Why Safer Sex Education Is Lacking and Needs A 'Glo-Up'
This is a personal essay by Ciné Swain-Julien, co-founder of The Safe Sex Project.
Photo by Anna Shvets from Pexels
When you’re in primary and secondary schooling, some districts required safer sex education for certain grade levels. Consent forms were always given out so that a parent could give the “okay” for you to participate in receiving the education. But, that doesn’t always mean the material and information they were providing was of quality.
In my experience, safer sex education in my school district was less than. It actually was obsolete. My school district stated on their website that safer sex education was required by certain grades, but the only time I actually took a sex education course was in 7th grade by a random P.E. teacher that I never met before. My issues with sex education are as follows:
It is not inclusive whatsoever to the LGBTQ+ community.
The material and information are extremely outdated.
None of it is relevant.
The teaching style of sex education most times uses the “scare tactic.
All of these aspects combined make learning about safer sex education for youth disengaging, uninteresting, and not enjoyable at all. Instead of sex education being another interest topic to emphasize youth putting their health first, it is now seen as a backseat conversation that puts the responsibility on youth to learn on their own.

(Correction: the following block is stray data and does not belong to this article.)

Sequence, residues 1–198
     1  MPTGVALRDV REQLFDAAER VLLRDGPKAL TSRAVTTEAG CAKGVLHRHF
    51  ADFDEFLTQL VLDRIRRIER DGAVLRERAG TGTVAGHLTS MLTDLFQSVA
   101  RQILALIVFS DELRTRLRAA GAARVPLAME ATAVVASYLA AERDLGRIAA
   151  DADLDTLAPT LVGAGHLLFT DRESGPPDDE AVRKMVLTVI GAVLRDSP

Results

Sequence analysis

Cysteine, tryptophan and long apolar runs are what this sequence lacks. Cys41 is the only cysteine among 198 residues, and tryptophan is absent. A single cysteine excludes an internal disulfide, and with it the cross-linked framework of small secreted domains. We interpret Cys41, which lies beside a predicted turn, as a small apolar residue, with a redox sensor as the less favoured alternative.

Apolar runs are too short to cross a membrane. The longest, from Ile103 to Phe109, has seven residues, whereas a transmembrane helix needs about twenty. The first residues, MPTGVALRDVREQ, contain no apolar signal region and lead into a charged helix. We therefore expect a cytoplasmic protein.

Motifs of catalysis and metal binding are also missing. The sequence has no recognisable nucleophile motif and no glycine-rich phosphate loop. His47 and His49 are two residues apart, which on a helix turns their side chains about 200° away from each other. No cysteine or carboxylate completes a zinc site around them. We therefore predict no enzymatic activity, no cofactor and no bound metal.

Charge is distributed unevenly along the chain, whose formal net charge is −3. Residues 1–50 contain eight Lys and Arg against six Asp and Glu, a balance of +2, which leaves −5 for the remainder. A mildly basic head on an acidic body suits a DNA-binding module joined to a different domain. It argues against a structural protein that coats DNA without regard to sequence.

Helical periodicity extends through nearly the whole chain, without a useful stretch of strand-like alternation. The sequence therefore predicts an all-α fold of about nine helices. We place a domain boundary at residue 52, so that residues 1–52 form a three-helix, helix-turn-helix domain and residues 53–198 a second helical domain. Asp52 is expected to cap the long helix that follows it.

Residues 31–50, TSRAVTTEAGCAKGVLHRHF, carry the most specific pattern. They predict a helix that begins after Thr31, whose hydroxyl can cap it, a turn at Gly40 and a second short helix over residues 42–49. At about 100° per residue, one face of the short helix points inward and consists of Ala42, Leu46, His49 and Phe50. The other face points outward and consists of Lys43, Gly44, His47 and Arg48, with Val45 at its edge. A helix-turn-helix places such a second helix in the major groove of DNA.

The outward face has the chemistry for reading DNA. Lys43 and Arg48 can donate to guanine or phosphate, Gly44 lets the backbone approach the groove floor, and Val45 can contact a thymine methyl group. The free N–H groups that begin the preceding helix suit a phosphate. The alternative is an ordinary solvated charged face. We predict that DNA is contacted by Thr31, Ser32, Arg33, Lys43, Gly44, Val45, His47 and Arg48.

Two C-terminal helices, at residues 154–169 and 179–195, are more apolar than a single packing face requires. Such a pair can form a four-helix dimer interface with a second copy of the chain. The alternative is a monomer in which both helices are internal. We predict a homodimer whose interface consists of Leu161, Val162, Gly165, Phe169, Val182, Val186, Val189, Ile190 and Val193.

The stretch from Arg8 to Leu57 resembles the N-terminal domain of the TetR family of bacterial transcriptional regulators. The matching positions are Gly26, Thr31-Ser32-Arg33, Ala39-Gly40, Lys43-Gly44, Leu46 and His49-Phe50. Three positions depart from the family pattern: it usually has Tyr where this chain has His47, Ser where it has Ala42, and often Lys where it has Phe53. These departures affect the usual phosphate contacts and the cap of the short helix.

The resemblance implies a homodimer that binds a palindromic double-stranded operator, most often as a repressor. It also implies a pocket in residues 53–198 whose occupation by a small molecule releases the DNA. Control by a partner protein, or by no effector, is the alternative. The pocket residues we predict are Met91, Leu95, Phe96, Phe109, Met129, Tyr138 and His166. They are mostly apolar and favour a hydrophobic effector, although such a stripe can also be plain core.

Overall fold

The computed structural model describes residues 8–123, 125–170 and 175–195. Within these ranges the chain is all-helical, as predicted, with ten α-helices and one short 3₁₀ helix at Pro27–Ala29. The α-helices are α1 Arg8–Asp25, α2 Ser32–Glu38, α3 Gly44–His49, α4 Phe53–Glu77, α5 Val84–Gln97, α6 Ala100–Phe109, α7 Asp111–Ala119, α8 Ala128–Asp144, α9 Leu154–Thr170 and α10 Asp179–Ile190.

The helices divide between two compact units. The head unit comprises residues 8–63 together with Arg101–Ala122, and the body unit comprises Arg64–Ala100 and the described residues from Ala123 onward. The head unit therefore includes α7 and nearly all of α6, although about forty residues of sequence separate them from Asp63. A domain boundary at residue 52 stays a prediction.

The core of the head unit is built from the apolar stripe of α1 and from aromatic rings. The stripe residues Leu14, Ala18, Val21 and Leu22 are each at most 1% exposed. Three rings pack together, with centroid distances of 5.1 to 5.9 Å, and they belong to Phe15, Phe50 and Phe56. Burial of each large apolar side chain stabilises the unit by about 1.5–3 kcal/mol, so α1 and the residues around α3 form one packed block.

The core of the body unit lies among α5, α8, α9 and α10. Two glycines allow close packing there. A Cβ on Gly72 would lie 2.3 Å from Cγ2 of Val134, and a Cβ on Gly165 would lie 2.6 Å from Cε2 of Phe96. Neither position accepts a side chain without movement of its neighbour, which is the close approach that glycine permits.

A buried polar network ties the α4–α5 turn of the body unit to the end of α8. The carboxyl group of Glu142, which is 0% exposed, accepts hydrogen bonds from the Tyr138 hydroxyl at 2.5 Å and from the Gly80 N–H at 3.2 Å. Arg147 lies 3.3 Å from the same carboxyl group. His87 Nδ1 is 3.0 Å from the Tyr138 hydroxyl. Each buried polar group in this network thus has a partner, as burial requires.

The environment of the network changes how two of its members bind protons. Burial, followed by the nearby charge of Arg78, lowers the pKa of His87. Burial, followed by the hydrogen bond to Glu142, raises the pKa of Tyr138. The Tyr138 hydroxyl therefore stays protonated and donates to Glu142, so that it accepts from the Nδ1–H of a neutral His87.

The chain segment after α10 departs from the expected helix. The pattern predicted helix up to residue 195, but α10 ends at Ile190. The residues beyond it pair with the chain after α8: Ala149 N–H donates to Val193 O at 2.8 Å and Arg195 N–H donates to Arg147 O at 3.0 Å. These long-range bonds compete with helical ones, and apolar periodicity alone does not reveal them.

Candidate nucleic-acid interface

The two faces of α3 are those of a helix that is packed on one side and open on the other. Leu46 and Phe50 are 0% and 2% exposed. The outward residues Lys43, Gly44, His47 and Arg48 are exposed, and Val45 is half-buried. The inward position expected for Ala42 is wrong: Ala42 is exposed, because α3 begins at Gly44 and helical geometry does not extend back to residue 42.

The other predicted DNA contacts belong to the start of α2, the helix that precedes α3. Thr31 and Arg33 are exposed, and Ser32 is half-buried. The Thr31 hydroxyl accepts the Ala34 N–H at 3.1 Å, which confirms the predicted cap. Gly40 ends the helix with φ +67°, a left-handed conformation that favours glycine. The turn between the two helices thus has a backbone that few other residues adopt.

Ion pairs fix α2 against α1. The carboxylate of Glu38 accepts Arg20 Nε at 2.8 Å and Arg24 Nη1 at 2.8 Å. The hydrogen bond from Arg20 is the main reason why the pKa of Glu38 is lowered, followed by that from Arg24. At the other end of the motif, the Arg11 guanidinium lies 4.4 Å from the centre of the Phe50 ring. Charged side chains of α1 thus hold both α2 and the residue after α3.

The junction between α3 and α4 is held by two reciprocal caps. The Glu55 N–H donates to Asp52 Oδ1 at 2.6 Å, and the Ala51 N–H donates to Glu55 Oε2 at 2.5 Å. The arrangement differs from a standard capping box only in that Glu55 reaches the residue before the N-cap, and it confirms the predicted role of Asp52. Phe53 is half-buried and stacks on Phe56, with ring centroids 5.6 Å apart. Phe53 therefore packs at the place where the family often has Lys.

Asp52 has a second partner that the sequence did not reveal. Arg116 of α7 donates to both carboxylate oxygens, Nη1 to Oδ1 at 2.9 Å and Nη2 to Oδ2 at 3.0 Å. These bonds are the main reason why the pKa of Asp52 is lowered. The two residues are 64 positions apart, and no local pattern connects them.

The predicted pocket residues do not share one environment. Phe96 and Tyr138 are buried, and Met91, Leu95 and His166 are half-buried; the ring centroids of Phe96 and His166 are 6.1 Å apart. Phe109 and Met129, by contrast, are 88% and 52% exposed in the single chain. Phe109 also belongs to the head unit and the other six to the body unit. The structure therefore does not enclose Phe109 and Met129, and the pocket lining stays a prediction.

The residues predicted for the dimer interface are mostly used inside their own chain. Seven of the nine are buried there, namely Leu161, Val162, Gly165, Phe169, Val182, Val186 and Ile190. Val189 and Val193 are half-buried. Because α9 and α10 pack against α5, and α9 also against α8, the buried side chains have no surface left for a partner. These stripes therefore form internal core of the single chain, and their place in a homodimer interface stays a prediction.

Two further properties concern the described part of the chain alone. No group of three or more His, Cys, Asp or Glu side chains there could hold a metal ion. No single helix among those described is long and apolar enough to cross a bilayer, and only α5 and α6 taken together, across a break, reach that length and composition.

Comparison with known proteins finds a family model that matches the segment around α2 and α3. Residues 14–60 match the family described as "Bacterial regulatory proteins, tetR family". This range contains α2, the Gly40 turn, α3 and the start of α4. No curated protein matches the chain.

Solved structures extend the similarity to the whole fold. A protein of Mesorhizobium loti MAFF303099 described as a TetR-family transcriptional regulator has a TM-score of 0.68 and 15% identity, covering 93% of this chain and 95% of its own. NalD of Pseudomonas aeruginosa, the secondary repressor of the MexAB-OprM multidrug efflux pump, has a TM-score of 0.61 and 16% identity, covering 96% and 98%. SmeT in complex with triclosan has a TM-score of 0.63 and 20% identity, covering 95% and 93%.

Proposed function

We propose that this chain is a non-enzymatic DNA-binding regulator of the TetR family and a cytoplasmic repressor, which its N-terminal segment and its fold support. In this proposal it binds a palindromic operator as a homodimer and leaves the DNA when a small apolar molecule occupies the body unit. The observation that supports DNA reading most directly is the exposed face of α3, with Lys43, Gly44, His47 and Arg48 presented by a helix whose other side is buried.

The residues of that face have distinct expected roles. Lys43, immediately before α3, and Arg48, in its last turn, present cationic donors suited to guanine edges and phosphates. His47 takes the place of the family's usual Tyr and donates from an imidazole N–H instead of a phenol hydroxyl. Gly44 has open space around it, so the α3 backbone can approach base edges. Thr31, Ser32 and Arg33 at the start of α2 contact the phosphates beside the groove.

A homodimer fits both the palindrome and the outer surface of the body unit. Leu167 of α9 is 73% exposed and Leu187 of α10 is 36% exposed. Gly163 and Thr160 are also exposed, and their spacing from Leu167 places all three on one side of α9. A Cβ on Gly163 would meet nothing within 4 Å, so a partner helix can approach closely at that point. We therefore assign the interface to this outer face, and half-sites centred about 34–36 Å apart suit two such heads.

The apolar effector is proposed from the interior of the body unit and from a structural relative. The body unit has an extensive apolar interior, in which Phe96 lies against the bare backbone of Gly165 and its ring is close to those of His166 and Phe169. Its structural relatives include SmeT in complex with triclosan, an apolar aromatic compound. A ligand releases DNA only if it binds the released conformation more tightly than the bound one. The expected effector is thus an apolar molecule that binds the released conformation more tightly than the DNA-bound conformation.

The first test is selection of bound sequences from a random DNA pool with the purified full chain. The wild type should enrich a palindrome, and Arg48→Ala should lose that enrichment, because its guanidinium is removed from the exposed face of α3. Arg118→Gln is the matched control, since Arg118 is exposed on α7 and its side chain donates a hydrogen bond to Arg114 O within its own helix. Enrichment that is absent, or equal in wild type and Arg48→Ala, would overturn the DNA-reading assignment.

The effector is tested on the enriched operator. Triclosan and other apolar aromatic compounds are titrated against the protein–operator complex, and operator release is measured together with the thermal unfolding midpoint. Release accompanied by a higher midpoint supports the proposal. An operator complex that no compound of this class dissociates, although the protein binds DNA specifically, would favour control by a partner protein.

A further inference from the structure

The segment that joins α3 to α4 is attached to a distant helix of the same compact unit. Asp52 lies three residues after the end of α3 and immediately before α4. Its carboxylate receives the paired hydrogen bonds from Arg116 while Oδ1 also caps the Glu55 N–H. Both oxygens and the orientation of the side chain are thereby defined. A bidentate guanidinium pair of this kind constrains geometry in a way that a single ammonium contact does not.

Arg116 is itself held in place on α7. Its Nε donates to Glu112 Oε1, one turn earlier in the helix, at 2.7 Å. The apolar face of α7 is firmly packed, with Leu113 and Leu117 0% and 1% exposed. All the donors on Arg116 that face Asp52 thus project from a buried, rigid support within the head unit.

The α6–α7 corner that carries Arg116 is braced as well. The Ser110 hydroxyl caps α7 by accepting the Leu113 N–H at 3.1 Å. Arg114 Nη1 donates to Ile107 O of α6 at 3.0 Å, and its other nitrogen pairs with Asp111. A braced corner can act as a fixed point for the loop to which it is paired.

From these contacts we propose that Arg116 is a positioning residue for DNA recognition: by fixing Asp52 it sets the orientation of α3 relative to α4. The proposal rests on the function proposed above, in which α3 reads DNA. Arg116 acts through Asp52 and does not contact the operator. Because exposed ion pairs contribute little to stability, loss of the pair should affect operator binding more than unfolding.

There needed to be a change.
That’s why myself and three of my peers, Noor, Alexia and Alan, came together and formed The Safe Sex Project! The Safe Sex Project is a Florida-based organization that focuses on educating youth (ages 13-25) on safer sex practices, tools and resources regardless of sexual orientation or gender identity. Our main goal is to ensure everyone has the same access to safer sex education that is pleasure-based and tangible. Safer sex education shouldn't be something you’re scared about learning - especially when it doesn’t need to be in the first place!
Thus, safer sex education must be inclusive to all genders and sexualities, inform youth about inclusive language, resources for STI testing, and much more. While there are many safer sex organizations focused on educating youth via digital and social media activism, schools still need to do their part in changing the way they educate students (and actually doing it!).
Want to know more?
If you're interested in reading more information about safe sex practices, visit The Safe Sex Project.